Amazon.com Inc. (NASDAQ:AMZN) unveiled the newest iteration of the Kindle Fire tablet on Tuesday. The Kindle Fire HDX includes a 7-inch screen nearly identical to what’s found in the Nexus 7, Google’s (NASDAQ:GOOG) new Asus-manufactured touchscreen. Since both tablets are priced at $229, does the smaller Amazon Kindle Fire HDX top the “Google Experience” offered by the Nexus 7?
Amazon’s Kindle tablets run on a “forked” version of the Android operating system, called the Fire OS, which does not allow access to the Google Play Store and has a different visual style and method of navigating through apps and content. Version 3.0 of the Fire OS, codenamed Mojito, will bring new features to Kindle HDX tablets, while Android 4.3 does the same for the Nexus 7. But which is the better tablet for consumers?
Kindle Fire HDX comes shipped “with special offers,” or advertisements that play while the device’s screen is off. The Kindle Fire HDX costs $15 more without ads, and its 4G LTE service (available from AT&T and Verizon) costs an extra $100. The Nexus 7 costs only $80 more for 4G LTE connectivity from AT&T or T-Mobile, and Verizon says that support on its networks will be available “shortly.”
Both the Nexus 7 and Kindle Fire HDX 7" offer the same screen: a 7-inch, 1920 x 1200 screen with nearly double the resolution of last year’s iPad Mini, and both have 323 pixels-per-inch (PPI) versus the Mini’s 163 PPI. But how does the Kindle Fire HDX’s hardware differ from the new Nexus 7?
The main difference is under the hood: Kindle Fire HDX has a faster, more powerful processor than the new Nexus 7. The Snapdragon 800’s main CPU has a 700 MHz faster clock speed than the Snapdragon 600 inside the Nexus 7, and the Kindle Fire HDX packs a more powerful graphics processor as well. Other specs for the two tablets are comparable, with the Kindle Fire HDX available in a 64GB model whereas the Nexus 7 tops out at 32GB.
The Kindle's Fire OS 3.0 (Mojito) brings Mayday to Kindle Fire HDX tablets, which provides live video customer support, and a “reading mode” that changes display settings to reduce battery usage. Amazon has also updated its X-Ray service to provide lyrics and other information for music, in addition to IMDB data for movies -- which give actor and film information with a touch.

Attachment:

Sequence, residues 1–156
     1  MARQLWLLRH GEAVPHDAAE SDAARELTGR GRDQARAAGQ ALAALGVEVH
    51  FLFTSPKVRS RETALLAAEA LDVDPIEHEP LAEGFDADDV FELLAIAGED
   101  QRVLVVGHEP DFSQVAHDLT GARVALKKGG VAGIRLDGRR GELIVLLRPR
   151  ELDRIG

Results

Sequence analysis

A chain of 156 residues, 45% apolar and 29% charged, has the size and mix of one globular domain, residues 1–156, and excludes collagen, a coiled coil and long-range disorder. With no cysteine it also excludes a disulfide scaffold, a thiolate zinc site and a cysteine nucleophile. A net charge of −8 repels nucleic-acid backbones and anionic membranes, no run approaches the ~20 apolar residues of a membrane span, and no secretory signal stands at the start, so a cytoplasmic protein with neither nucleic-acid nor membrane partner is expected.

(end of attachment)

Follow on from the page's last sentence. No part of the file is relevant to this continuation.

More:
Is the Google Experience worth more than Mojito?
Since both companies are offering a similar package, and Amazon is throwing in a more powerful chip, the deciding factor in the mini-tablet war becomes: Who has the better ecosystem?
While Amazon Prime members are able to watch free video on Kindle tablets from the company’s streaming service, Amazon has not made the app available on other Android devices. However, Amazon Prime Video has been available for iOS devices since December 2012. Amazon has also added a new trick to Prime Instant Video with the Kindle HDX -- the ability to download videos for offline viewing.
Despite the Kindle's new features, Google’s Sundar Pichai announced in July that there were more than 1 million Android apps available on Google Play, whereas there are less than 100,000 on the Amazon Appstore. Kindle owners are not able to access the Google Play Store without rooting the devices and installing a modified operating system -- one of the biggest complaints concerning Amazon’s tablets.
Owners of the Nexus 7 will also be able to upgrade their tablets to the newest version of Android before anyone else, as the updated OS will be offered by Google as soon as Kit Kat (Android 4.4) launches later this year.
Both the new Nexus 7 and the Kindle Fire HDX are competing to be the device that buyers choose, not because of the high profit margins associated with the sale (both are being offered at or near manufacturing cost), but rather because Amazon and Google are competing to offer consumers the better ecosystem, where they will buy their apps and multimedia, with a cut coming in from their respective marketplaces.
While the Kindle Fire HDX offers higher hardware specs for the dollar than the new Nexus 7, both feature a highly similar form factor. The new Nexus 7 offers access to more than a million apps on the Google Play Store, whereas the Kindle Fire HDX offers Amazon Prime members access to a catalog of streaming video.
The Bottom Line
The bottom line is that the Kindle Fire HDX might be a better value for families and Amazon Prime members, whereas the next-generation Nexus 7 is likely a better fit for those familiar with the Android operating system. Tech-savvy users should not ignore the HDX either, as those willing to void the Kindle Fire HDX’s warranty will likely be able to unlock the device’s boot loader and install a modified version of the Android OS shortly after the tablet’s release -- and run Kit Kat on more powerful hardware than the new Nexus 7.
This story originally referred to the Kindle Fire HDX's operating system as the Kindle OS, and has been corrected to reflect Amazon's official name for the operating system, Fire OS.
Thomas Halleck is a technology reporter for the International Business Times, covering Google, wearables, product reviews, gadget news and more....